Dr. Stojanovic is a professor at the Department of Mathematics and Informatics, Faculty of Science, University of Kragujevac, Serbia. He is an expert in computer modeling and simulations, optimization, applied computer science, and software development. Dr. Stojanovic has received a PhD in technical sciences from the University of Kragujevac, with specialization in numerical simulations in bioengineering. During his career he has authored one international monograph and more than twenty international publications, participated in several international multidisciplinary scientific projects, and designed and developed a number of simulation software.
Dr. Geeves trained as a biochemist (BSc, Birmingham, UK, 1974) then completed a PhD on the actomyosin ATPase with David Trentham in 1977 (Bristol), after 2 years in UC Santa Cruz (cryoenzymology) he returned to Bristol where he spent 13 years supported by a Royal Society University Fellowship. After 5-years at the Max Plank Institute of Molecular Physiology in Dortmund, Germany he returned to the UK in his current post as Professor of Physical Biochemistry at the University of Kent, UK. His work has focused on myosin motors (muscle and non-muscle) and the regulation of myosin activity using a range of fast reaction methods. The work on muscle contraction has ranged from single molecule studies to intact muscle fiber contraction and the construction of thermodynamically consistent models of contraction.
Dr. Regnier received his PhD in Neurobiology at the University of Southern California, United States in 1991. He is a Professor of Bioengineering at the University of Washington (UW), in Seattle, and an Adjunct Professor of Physiology & Biophysics. He is the Director of the UW Center for Translational Muscle Research. His research includes studies on the contractile dysfunction of cardiac and skeletal muscle that occur with genetic forms of muscle diseases, damage and aging. Studies are performed in human, animal, and stem cell-derived muscle models. Mechanistic analysis is augmented by structure- and dynamics-based computational models at multiple scales, from proteins, to sarcomeres, cells and tissue. Results are used to develop novel approaches to improve contractile function, including engineered proteins and stem cells, and gene therapies.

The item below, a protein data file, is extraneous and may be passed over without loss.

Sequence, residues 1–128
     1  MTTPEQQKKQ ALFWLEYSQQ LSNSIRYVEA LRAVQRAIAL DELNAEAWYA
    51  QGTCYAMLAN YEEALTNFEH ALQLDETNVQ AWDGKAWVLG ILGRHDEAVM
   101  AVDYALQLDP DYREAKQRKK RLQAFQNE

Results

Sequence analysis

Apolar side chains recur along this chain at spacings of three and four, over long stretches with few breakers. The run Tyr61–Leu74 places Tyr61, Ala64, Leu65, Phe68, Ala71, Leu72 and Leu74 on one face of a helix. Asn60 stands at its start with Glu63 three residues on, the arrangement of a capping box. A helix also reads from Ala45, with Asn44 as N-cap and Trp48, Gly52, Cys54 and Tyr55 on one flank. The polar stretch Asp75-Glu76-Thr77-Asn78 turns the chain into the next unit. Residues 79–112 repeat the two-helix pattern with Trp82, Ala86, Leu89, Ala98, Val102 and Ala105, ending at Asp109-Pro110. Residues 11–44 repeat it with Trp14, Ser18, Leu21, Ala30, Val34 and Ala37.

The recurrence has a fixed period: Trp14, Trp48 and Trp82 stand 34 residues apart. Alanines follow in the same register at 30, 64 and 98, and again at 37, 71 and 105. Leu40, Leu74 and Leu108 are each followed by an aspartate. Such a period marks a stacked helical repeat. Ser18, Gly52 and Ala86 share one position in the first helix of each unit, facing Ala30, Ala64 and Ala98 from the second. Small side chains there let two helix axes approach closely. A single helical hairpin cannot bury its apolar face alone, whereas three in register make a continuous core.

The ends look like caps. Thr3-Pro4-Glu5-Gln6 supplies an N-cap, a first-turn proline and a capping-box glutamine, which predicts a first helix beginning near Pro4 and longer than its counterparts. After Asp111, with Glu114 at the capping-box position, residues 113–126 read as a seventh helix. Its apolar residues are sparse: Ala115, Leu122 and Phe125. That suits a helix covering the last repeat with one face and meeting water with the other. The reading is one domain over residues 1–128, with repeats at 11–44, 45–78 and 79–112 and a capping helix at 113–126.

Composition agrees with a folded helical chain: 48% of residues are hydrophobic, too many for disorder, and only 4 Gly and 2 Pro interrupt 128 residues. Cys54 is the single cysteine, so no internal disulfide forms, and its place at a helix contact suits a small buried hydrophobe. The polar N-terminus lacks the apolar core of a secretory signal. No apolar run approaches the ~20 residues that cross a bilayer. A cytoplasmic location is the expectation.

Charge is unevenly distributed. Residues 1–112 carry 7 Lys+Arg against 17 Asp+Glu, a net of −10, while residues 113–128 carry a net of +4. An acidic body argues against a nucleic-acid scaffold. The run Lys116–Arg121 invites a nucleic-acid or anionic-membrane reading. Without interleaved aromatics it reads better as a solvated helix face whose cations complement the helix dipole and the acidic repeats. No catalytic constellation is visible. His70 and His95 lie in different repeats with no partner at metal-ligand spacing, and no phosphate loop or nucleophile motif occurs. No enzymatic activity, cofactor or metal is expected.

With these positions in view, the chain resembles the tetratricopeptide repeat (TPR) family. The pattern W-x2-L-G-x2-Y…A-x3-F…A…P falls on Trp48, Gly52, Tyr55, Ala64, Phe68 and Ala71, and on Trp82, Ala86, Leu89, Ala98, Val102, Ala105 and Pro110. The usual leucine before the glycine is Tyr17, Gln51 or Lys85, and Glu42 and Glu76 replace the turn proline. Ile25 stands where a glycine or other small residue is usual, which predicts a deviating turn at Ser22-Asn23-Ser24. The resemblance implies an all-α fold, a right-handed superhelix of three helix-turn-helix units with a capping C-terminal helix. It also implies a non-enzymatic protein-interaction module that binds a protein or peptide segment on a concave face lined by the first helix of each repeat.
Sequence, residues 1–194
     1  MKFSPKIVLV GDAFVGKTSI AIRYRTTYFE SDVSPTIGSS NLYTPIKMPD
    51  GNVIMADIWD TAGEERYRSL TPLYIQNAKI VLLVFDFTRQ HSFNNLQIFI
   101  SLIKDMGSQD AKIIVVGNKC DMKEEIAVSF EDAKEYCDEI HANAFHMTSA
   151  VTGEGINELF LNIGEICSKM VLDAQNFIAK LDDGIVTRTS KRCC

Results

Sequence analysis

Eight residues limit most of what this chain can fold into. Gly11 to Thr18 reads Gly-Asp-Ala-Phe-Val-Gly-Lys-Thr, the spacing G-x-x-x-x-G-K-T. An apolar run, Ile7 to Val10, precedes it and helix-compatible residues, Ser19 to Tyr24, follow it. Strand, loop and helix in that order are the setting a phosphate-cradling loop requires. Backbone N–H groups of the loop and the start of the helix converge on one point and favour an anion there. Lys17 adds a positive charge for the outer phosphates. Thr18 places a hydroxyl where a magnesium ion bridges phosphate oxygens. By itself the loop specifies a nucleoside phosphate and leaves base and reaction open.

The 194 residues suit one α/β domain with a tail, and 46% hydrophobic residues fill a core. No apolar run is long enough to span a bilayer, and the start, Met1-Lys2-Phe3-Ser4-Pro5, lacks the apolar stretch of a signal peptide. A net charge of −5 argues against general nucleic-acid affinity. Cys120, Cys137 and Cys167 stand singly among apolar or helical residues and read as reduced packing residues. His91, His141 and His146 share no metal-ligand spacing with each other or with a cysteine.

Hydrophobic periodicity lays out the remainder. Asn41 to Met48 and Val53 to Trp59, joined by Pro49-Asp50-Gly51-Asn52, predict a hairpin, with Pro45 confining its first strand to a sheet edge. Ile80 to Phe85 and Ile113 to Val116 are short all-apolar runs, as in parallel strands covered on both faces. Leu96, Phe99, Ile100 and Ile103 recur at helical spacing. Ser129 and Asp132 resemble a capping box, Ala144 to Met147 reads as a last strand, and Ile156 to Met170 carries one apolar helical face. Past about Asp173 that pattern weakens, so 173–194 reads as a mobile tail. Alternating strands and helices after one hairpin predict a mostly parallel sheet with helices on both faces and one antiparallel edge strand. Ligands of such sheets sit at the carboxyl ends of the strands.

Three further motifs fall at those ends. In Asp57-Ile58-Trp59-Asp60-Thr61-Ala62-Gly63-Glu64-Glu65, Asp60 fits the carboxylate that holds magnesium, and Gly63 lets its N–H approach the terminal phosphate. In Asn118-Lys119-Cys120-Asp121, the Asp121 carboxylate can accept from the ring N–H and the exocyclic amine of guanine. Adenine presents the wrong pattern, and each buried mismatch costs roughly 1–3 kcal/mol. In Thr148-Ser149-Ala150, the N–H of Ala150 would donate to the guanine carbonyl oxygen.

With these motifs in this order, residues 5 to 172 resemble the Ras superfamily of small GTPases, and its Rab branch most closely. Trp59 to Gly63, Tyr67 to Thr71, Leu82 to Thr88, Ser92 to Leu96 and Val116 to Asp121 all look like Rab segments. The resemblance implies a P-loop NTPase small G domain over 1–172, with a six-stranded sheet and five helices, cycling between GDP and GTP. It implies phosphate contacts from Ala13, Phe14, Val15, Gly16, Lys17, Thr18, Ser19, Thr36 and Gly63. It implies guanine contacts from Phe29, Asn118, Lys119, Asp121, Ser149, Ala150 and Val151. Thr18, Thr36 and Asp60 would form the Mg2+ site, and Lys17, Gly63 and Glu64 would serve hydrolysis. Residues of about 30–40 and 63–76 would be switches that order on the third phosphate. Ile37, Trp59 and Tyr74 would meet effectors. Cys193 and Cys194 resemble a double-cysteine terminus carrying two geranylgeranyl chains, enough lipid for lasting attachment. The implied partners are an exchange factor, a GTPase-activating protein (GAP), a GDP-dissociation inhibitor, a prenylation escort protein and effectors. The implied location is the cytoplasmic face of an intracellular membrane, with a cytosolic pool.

Dr. Poggesi received his MD at the University of Pavia, Italy (Alumnus of Collegio Ghislieri) in 1975. Since 2021 he is Professor Emeritus of Physiology at the University of Florence. He has been Chair of the Department of Experimental and Clinical Medicine of the University of Florence (2012-2020) and President of the Italian Physiological Society (2016-2020). His research activity is related to biophysical aspects of the contractile mechanism in skeletal and cardiac muscle (Excitation-Contraction Coupling, Contraction Regulation and Chemo-Mechanical Transduction). Micromechanics and microperfusion techniques had been developed in his lab to measure sarcomere mechanics in single myofibrils isolated from cardiac and skeletal muscle of human and animal models. These techniques have been successfully applied to investigate genetic myopathies and cardiomyopathies. He also contributed to the development of optical techniques to investigate arrhythmogenic mechanisms and E-C coupling in cardiac muscle.
Dr. Irving received his PhD in mechanical engineering from the University of Guelph, Ontario, Canada, in 1989. He was a staff scientist at the Cornell High Energy Synchrotron Source and is a now Professor of Biology and Physics at the Illinois Institute of Technology, Chicago, IL. Since 2001, he has been the Director of the Biophysics Collaborative Access Team (BioCAT) Beamline 18ID, a national facility for X-ray diffraction and scattering of non-crystalline biological materials at the Advanced Photon Source, Argonne National Laboratory. His research interests are in developing and exploiting synchrotron-based X-ray diffraction techniques for the study of muscle contraction and its regulation.